Hey there, fellow nature enthusiasts!

In my previous blogs, I have been writing about diverse topics related to the conservation of precious freshwater ecosystems. I started from the diversity of tiny aquatic life forms that live in the sediments of rivers and floodplains; some even can fit within a drop of water! I then moved on to a way bigger scale, discussing the importance of removing barriers from our rivers and letting them flow. Today, I want to write about how my experience during my training at University of Vienna has brought up the vital role of floods in restoring rivers.

Floods are key agents of ecological exchange. Active floodplains teeming with life eagerly await the rush of water that brings renewal and sustenance. These dynamic areas flooded intermittently or seasonally, are vital for countless species that have evolved to depend on these natural rhythms.

Floods also are responsible for the evolution of riverine landscapes. Depending on the time scales, channels of braided rivers can change their position and orientation.

Yet, the story of our rivers isn’t without its challenges. Take the Danube, for example. Once a dynamic, braided river coursing through the landscape, it changed and altered in a large-scale regulation in the 19th century. The construction of dams and engineering structures disrupted its natural flow, gradually disconnected vital floodplains, and created more uniform conditions for navigation.



Source: austria-forum.org. Grafik: © apa/B. Lager & S. Hohensinner

After the public opposition to a large hydropower project, the largest remnant of alluvial landscape in Central Europe was declared a National Park in 1996 (https://www.donauauen.at/en/facts/history/the-path-to-becoming-a-national-park).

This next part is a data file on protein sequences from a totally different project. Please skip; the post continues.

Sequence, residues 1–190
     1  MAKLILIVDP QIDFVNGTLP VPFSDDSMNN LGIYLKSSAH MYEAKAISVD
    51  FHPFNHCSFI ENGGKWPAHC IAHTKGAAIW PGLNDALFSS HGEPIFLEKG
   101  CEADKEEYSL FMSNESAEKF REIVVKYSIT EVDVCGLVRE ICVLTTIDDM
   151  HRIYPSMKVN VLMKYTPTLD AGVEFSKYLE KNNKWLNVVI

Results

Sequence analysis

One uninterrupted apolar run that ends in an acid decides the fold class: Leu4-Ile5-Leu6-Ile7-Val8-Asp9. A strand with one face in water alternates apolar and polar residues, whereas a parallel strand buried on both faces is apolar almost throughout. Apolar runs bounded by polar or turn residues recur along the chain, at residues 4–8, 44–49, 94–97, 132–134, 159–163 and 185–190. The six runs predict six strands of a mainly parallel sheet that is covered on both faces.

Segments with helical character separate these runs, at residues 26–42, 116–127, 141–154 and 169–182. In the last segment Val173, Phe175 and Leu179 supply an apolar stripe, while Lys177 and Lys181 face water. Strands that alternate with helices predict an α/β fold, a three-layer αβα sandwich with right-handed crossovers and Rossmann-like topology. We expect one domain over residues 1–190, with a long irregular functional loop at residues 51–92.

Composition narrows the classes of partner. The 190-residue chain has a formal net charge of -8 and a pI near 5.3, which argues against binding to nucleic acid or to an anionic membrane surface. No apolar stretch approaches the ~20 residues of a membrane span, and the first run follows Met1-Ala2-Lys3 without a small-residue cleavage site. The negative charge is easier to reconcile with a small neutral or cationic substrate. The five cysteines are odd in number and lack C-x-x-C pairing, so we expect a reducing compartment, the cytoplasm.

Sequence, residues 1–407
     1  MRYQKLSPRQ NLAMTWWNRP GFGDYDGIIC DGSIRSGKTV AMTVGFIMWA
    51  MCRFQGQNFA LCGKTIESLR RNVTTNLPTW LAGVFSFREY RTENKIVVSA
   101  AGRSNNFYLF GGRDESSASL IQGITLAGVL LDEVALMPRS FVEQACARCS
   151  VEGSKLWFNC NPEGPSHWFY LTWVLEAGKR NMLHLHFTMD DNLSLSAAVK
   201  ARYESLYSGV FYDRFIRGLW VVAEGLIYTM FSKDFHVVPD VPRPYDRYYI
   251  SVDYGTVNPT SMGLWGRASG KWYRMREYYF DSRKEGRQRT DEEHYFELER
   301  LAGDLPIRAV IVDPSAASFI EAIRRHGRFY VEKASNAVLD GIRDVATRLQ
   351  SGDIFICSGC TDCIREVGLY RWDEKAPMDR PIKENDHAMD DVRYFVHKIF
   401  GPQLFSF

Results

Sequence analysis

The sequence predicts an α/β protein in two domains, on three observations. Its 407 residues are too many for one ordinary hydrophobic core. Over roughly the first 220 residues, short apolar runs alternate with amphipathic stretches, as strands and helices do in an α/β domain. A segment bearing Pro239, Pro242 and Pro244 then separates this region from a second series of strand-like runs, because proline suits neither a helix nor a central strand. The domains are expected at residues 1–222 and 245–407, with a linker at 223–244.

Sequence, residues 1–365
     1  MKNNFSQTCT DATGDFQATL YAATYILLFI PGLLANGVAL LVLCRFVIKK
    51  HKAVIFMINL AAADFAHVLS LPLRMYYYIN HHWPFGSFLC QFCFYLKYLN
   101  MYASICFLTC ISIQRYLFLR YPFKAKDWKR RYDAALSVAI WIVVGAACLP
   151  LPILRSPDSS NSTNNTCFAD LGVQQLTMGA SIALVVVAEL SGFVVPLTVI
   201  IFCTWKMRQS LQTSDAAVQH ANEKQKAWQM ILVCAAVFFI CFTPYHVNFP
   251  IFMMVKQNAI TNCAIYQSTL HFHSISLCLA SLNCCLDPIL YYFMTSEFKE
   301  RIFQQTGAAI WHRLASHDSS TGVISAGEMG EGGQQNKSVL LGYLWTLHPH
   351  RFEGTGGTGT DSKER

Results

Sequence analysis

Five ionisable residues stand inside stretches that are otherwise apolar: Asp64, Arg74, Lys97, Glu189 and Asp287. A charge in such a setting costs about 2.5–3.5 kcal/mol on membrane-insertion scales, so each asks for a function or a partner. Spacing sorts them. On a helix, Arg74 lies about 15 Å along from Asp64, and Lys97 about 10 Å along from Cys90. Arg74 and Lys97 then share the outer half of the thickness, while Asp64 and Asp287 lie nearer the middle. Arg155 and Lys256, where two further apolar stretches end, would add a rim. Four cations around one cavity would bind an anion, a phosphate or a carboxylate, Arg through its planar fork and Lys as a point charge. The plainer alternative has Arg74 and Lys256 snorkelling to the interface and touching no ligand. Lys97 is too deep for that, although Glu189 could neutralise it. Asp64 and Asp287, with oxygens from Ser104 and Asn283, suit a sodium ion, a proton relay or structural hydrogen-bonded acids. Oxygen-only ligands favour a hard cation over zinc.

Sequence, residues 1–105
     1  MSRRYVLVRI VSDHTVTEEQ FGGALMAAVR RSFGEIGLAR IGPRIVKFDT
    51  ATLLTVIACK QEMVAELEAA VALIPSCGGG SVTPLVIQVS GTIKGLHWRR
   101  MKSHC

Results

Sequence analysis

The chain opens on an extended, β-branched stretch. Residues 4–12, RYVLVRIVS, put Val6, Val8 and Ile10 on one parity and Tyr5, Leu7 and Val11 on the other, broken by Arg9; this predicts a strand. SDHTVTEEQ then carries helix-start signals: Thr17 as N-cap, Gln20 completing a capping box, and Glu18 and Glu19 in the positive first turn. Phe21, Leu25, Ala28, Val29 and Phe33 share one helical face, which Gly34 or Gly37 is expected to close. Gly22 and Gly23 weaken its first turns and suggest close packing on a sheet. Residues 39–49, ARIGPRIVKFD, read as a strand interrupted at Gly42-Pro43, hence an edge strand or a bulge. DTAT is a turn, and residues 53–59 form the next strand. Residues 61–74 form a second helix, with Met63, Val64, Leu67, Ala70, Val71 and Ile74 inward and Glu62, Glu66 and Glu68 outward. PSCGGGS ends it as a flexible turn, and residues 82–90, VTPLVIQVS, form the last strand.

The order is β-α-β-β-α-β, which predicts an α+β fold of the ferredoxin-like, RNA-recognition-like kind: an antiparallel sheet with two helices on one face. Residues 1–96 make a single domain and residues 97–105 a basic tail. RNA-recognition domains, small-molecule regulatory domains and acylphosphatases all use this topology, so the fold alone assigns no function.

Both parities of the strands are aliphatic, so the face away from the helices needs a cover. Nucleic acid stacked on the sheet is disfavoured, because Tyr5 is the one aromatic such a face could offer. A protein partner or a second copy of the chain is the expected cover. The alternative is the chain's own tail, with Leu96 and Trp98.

After establishing the National Park, restoration efforts in 1997 and 1998, aimed to regenerate the river’s natural vitality and more dynamic connectivity conditions. Yet, despite initial success, there is still a gradual loss of connectivity in the long term (https://www.viadonau.org/en/company/project-database/dynamic-life-lines-danube/overview-of-aims-and-measures/side-arm-re-connection-haslau-regelsbrunn).

Inflow structure in the region of Haslau-Regelsbrunn in the National Park. Source: © viadonau

Fast forward to today, new restorations are on the horizon, and new plans are underway to reduce the dry fall of these floodplains. The new restoration has plans to create more generous openings so water can flow through unrestricted and fish can have a year-long possibility to pass. Although these measures have not been implemented yet.

In my secondment work at the University of Vienna, alongside my esteemed colleagues John Perez (ESR-8) and Ronnald Poeppl, we’re diving deep into the world of flood modeling. Our goal? To understand how restoration efforts impact flood dynamics and ecosystem connectivity.

We are testing if the pioneer restoration measures (in the late 90s) allowed a bigger area to get inundated during floods. Soon, we’ll be back crunching the numbers, simulating everything from mild floods to once-in-a-century events. Moreover, we’re eager to explore another aspect: investigate the potential outcomes of implementing measures currently in the planning phase. This question has great significance as it could shed light on the management planning process for this protected area.

At this stage of my secondment, we are conducting the first tests and adjusting our model. As a curious fact, we found in our historical database a 200-year flood event! This is the highest intensity since the creation of the national park and we will certainly recreate this event in our models.

The techniques I’ve been exploring give me the flexibility to calculate how connectivity would change if I consider different management settings (before and after the implementation of restoration measures) or flood intensities (i.e., 30-year flood vs. 100-year flood). This helps me better understand the complex conditions that shape life in floodplains and how restoration efforts can more effectively conserve these vital ecosystems.

Acknowledgments: I would like to thank viadonau for providing historical databases that help us define and calibrate our models. I would also like to thank John and Ronny for their teaching, patience, and time during this secondment. Gracias totales!